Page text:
Allyna | No todos los lugares de trabajo son inclusivos

In 2020, in the midst of the protests and the beginning of the pandemic, I moved to a new city and was looking for work. Because of COVID, the opportunities were pretty limited in my field so, when I was contacted about a marketing position with a private school, I hesitantly said “yes”. While I wasn’t interested in working in education, I was just grateful to finally have a job offer related to marketing and decided to make the best of it.

During the interview process I did ask a lot of questions about workplace culture and diversity initiatives, because on one hand, I had just left a toxic work environment in my previous city, and on the other hand, after viewing the staff page on their website, I was extremely nervous going into a situation where I would be the only person who looked like me or could potentially relate to me, as the school and surrounding community was very wealthy.

I was assured that as a direct result of the protests, and their “moral obligation”, they were in the process of securing DEI training for the entire school, hiring diverse professionals and teachers, and more.

After starting, it was immediately obvious that I was an “other”. I’m not entirely sure if this was about me specifically or just had to do with the cliquiness of the staff, so I didn’t think much of it, as I’m already an introvert. However, a few weeks into the job, during the first staff meeting of the school year, the heads of the school were doing a presentation to deliver updates. One of the updates included information about the upcoming DEI training and initiatives the school would be enacting, and the next slide was about diverse hiring and it included a large photo of me. No one else. And on top of that, my name was spelled incorrectly with far too many letters and in a very stereotypical way.

Aside from this being extremely embarrassing, I was uncomfortable that they basically implied that I was hired due to how I looked as opposed to my professional experience and qualifications (which I had). Also, as a racially ambiguous person, I felt uncomfortable being the spokesmodel for diversity. This is not what inclusion looks like! This wasn’t something I took lightly, and spoke with everyone involved about the incident and was assured that they did not mean it like that, it wouldn’t happen again, etc.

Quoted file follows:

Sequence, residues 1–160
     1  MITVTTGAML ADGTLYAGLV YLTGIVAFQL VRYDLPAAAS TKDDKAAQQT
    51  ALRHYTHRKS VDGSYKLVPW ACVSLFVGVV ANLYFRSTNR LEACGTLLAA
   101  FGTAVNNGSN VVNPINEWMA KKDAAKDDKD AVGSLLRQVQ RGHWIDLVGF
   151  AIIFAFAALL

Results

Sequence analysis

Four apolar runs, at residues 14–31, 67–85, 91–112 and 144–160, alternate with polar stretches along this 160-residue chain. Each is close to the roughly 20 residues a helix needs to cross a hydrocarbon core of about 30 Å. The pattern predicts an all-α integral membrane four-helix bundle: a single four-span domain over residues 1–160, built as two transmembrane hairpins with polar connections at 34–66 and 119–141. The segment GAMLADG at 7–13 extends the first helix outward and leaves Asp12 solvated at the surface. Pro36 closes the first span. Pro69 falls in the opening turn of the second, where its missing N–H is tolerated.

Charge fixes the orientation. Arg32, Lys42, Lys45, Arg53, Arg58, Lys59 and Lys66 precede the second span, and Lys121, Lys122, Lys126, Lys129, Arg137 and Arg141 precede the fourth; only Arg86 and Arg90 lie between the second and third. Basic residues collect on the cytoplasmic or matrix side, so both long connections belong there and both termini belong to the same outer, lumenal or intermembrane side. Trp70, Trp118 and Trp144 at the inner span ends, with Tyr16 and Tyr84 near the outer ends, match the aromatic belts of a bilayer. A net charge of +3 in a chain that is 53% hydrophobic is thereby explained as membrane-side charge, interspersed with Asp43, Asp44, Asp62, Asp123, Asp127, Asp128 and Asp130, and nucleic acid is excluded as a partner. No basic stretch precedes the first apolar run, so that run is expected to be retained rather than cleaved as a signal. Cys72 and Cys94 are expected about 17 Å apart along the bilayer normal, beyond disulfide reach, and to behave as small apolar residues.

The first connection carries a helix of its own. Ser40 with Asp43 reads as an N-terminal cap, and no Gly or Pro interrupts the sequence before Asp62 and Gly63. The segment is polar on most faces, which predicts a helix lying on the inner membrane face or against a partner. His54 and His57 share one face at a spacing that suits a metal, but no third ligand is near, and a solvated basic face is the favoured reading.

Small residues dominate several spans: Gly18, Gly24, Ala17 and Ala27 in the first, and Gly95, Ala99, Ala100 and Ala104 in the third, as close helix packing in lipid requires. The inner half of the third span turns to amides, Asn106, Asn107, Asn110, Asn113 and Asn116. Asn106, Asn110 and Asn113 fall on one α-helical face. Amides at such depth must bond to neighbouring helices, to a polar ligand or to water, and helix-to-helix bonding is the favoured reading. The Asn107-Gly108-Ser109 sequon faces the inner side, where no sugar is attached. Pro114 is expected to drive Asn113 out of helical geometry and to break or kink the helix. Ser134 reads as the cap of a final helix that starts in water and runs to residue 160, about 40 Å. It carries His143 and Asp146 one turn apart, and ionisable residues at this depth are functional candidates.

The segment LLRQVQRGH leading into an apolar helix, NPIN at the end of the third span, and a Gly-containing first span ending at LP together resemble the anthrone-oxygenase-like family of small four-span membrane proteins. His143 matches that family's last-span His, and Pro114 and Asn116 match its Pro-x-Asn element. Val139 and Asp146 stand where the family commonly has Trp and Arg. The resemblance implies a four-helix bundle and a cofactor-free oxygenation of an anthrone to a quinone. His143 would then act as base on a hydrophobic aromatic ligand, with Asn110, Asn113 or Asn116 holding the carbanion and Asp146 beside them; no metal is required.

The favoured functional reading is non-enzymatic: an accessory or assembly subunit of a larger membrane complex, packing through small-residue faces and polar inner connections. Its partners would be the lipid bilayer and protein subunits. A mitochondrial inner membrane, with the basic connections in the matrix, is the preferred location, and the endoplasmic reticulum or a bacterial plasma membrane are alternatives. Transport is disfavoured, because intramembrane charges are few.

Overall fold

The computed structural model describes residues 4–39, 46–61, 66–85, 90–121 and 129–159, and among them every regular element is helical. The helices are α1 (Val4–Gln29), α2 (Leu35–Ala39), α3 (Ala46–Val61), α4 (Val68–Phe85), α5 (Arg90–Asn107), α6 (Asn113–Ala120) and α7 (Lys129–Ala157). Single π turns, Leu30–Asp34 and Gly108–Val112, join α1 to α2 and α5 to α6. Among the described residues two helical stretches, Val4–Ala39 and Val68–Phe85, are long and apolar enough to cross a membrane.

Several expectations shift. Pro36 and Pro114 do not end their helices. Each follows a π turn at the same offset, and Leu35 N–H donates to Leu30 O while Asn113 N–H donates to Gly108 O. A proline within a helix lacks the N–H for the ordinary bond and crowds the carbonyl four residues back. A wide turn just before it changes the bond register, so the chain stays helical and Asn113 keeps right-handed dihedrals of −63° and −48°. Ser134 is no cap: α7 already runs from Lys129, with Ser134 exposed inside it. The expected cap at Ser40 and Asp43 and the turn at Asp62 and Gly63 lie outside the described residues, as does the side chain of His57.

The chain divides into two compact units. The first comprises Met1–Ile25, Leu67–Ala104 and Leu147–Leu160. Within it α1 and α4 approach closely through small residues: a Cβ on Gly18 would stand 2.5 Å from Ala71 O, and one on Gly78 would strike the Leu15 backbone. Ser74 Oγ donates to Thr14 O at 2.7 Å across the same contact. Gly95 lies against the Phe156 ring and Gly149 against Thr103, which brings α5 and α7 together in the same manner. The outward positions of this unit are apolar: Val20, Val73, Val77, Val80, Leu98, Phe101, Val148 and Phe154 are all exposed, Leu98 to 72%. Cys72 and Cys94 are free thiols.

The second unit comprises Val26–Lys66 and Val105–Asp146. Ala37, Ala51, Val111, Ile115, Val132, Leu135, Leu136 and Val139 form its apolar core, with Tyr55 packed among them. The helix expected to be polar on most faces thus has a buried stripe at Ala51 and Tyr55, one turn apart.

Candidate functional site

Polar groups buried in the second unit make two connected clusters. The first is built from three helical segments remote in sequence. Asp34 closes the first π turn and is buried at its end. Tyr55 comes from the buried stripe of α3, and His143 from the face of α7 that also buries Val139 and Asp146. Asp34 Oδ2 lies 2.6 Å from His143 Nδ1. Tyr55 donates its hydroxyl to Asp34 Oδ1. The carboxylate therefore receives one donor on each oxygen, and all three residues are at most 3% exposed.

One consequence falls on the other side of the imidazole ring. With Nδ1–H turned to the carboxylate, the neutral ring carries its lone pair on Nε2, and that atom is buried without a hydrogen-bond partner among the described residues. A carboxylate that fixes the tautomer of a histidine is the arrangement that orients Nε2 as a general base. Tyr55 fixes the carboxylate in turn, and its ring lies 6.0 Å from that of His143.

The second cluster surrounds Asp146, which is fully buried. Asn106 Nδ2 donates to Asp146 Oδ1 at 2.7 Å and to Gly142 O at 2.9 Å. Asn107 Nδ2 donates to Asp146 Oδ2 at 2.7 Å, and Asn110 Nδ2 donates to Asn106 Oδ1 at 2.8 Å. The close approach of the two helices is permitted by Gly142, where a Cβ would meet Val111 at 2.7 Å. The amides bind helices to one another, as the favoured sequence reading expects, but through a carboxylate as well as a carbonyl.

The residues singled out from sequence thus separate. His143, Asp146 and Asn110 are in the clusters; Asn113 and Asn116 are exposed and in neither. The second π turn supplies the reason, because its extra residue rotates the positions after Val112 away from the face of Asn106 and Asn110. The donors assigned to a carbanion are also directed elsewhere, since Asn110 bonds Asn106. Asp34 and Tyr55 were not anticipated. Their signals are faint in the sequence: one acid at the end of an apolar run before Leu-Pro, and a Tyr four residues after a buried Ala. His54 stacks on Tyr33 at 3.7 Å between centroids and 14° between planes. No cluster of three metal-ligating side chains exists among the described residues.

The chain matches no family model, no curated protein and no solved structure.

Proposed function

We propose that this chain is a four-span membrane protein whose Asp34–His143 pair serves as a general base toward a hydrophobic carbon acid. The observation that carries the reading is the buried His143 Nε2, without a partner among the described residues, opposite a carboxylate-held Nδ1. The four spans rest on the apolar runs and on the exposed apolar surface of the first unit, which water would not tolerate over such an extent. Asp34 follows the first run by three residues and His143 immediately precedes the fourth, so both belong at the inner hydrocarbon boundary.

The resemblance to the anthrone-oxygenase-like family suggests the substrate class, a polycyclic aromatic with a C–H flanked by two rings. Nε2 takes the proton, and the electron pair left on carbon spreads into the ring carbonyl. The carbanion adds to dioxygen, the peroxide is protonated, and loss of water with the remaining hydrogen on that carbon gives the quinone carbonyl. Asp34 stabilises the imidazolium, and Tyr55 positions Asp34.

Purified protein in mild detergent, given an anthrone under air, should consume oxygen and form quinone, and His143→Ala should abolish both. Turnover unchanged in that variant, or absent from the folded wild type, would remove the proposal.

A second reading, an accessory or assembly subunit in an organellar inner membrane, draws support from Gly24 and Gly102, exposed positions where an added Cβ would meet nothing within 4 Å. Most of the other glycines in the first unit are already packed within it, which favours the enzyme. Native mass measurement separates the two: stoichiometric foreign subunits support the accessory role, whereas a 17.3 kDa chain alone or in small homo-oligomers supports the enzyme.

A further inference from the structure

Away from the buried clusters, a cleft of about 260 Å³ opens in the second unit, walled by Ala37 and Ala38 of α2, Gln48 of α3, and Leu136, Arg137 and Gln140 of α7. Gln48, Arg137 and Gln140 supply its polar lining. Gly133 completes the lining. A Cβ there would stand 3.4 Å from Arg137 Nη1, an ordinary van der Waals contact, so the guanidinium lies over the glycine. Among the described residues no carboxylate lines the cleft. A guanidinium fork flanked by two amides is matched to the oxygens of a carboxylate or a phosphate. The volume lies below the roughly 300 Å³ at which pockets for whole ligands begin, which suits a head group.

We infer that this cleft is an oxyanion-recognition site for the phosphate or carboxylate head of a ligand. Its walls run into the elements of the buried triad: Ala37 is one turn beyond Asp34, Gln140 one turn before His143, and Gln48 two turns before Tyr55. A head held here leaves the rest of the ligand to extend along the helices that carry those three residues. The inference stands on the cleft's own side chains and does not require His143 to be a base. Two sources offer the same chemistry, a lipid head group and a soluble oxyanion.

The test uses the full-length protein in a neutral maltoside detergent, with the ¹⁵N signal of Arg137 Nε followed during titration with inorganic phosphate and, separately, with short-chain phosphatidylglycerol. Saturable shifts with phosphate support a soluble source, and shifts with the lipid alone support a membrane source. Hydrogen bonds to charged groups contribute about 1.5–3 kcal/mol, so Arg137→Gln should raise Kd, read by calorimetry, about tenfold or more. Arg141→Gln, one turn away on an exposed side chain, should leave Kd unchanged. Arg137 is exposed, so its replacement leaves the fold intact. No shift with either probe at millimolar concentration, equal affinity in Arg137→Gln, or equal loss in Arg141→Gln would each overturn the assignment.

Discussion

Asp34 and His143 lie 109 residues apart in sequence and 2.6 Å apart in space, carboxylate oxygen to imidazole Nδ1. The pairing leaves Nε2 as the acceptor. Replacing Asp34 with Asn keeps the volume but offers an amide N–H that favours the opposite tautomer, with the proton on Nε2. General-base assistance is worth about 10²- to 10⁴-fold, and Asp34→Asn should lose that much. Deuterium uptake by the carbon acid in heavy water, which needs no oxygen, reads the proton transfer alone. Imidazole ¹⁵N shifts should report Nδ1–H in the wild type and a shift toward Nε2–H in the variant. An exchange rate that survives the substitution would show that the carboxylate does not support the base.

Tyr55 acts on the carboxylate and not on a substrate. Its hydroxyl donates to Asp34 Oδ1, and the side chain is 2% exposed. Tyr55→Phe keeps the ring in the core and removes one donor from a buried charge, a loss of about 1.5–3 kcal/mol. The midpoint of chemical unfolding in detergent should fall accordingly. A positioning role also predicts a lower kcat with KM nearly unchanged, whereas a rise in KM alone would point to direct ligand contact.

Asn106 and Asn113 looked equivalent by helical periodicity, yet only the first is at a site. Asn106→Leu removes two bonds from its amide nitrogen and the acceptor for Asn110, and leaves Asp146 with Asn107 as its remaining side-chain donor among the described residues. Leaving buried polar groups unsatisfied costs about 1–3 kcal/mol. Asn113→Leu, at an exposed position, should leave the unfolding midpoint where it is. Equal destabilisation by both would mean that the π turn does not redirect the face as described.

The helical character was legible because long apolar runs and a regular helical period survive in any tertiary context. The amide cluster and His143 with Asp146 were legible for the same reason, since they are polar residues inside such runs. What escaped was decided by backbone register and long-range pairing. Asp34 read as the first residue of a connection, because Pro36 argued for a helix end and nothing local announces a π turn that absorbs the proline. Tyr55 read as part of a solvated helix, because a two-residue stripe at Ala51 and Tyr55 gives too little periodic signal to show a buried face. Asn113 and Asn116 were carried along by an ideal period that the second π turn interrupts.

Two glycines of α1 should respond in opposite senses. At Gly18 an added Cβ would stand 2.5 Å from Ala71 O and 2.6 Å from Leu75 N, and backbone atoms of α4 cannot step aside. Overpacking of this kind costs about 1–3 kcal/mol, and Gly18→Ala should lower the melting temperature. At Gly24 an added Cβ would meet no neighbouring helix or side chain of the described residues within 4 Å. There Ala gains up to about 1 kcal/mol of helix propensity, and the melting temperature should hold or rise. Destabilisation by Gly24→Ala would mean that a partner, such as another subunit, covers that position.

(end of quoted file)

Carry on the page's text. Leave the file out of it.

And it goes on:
However, the next few months included staff wearing racially inappropriate clothing to work and not being reprimanded, heads of the school rolling their eyes during conversations about promoting more students of color in school communications, volun-telling me I had to participate in groups and clubs (despite my role not being school-staff) as a show of diversity and equal input, really great diverse candidates interviewing for roles but being rejected for far less qualified white candidates, team members blatantly ignoring my ideas and constantly talking over me, and much more.

Ultimately, I stayed at this job for only 6 months and left without having a new job lined up and without notice. This was a huge financial risk for me but it was definitely necessary in order to protect my mental health from being in that environment daily.

I now work for myself and am very specific about the clients I work with because I refuse to be in a situation like that again. Times are changing, so employers need to get better or get out of the way as society learns what inclusive and diverse environments actually look like.

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Madeline Messa

Madeline Messa es estudiante de tercer año en la Facultad de Derecho de la Universidad de Siracusa. Se licenció en Periodismo en Penn State. Con su investigación jurídica y la redacción de Workplace Fairness, se esfuerza por dotar a las personas de la información que necesitan para ser su mejor defensor.